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One of Andalucia's most dramatically positioned pueblos blancos (white villages),

Arcos balances atop a rocky limestone ridge, its whitewashed houses

and stone castle walls stopping abruptly as a sheer cliff face

plunges down to the fertile valley of the river Guadalete below.

                             

In the heart of the historical and artistic old town of Arcos, part of the cloister

convent of nuns was transformed into the Hotel El Convento. From our room,

 we enjoyed the magnificient views of the Peña and the Guadalete river valley.

                   

Above - Our hotel with the Church of San Pedro in the background

                             

The Church of Santa Maria was built in the 13th century, atop a mosque.

This monumental building is richly decorated and features a range of styles,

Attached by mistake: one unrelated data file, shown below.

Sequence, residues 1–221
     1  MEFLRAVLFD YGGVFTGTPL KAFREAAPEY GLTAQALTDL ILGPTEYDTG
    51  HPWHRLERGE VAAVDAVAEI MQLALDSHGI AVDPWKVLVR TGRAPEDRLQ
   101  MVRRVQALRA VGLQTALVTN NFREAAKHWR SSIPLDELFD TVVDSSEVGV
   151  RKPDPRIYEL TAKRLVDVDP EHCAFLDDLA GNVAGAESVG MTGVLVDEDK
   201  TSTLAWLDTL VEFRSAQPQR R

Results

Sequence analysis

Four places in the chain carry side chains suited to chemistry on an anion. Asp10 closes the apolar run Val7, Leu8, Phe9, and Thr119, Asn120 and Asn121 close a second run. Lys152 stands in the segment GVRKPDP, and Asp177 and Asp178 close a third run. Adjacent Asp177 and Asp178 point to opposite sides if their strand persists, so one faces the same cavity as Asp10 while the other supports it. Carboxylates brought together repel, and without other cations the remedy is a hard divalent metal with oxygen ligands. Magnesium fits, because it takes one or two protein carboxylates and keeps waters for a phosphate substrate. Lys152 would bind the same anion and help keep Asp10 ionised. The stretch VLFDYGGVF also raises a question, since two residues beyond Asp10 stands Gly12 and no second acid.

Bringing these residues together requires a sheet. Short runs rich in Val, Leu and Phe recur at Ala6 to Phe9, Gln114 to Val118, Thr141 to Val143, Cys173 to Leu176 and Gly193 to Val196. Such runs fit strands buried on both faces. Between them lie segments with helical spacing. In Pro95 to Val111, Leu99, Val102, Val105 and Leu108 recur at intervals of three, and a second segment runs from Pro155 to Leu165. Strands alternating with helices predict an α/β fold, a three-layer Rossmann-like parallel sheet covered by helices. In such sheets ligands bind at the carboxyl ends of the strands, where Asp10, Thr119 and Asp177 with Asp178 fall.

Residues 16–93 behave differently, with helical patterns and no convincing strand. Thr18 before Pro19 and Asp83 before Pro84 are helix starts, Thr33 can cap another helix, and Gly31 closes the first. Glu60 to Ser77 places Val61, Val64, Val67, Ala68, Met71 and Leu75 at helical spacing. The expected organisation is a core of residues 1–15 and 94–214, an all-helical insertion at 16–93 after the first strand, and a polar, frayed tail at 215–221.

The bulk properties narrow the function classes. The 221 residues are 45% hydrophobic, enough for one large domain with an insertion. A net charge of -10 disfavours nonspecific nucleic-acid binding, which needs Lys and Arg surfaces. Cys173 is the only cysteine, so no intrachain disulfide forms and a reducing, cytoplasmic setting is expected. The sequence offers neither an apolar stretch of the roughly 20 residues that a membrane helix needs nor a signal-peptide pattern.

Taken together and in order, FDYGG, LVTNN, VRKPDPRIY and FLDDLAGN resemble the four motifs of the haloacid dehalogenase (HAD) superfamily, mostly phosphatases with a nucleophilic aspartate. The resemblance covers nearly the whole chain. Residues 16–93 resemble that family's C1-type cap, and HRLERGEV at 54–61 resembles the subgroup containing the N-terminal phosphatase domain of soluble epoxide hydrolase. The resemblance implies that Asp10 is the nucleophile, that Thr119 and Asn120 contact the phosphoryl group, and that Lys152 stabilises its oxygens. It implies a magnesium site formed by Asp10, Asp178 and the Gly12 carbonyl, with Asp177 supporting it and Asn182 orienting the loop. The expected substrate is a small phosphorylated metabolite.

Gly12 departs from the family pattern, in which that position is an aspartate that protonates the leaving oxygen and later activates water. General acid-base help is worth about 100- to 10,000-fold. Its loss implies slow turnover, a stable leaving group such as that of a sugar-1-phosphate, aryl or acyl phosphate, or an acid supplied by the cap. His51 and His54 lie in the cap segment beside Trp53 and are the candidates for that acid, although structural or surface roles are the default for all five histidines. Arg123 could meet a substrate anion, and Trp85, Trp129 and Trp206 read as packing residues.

including late Romanesque and proto-Gothic through to Renaissance and Baroque.

                             

                             

Above - The 16th-century Iglesia de San Pedro, perched in a perilous cliffhanger of a position.

                               

Below - Castillo de los Arcos

The castle was first constructed in the 11th century by the Moors when Arcos was

briefly a taifa (small kingdom) before being captured by the Christians in 1250.

                   

Below - The Mirador de la Peña Nueva on the open side of the Plaza del Cabildo

offers stunning views over the rolling countryside to the west

                  

Beautiful views from Arcos of the valley below

                   

The Basilica of Santa María de la Asunción in Arcos de la Frontera rises up between

 the pure and simple whitewashed houses, as a rich and uninhibited combination

of Mudejar, Gothic, Plateresque, Renaissance and Baroque styles.

                    

Below - Our last look up at Arcos from the bus station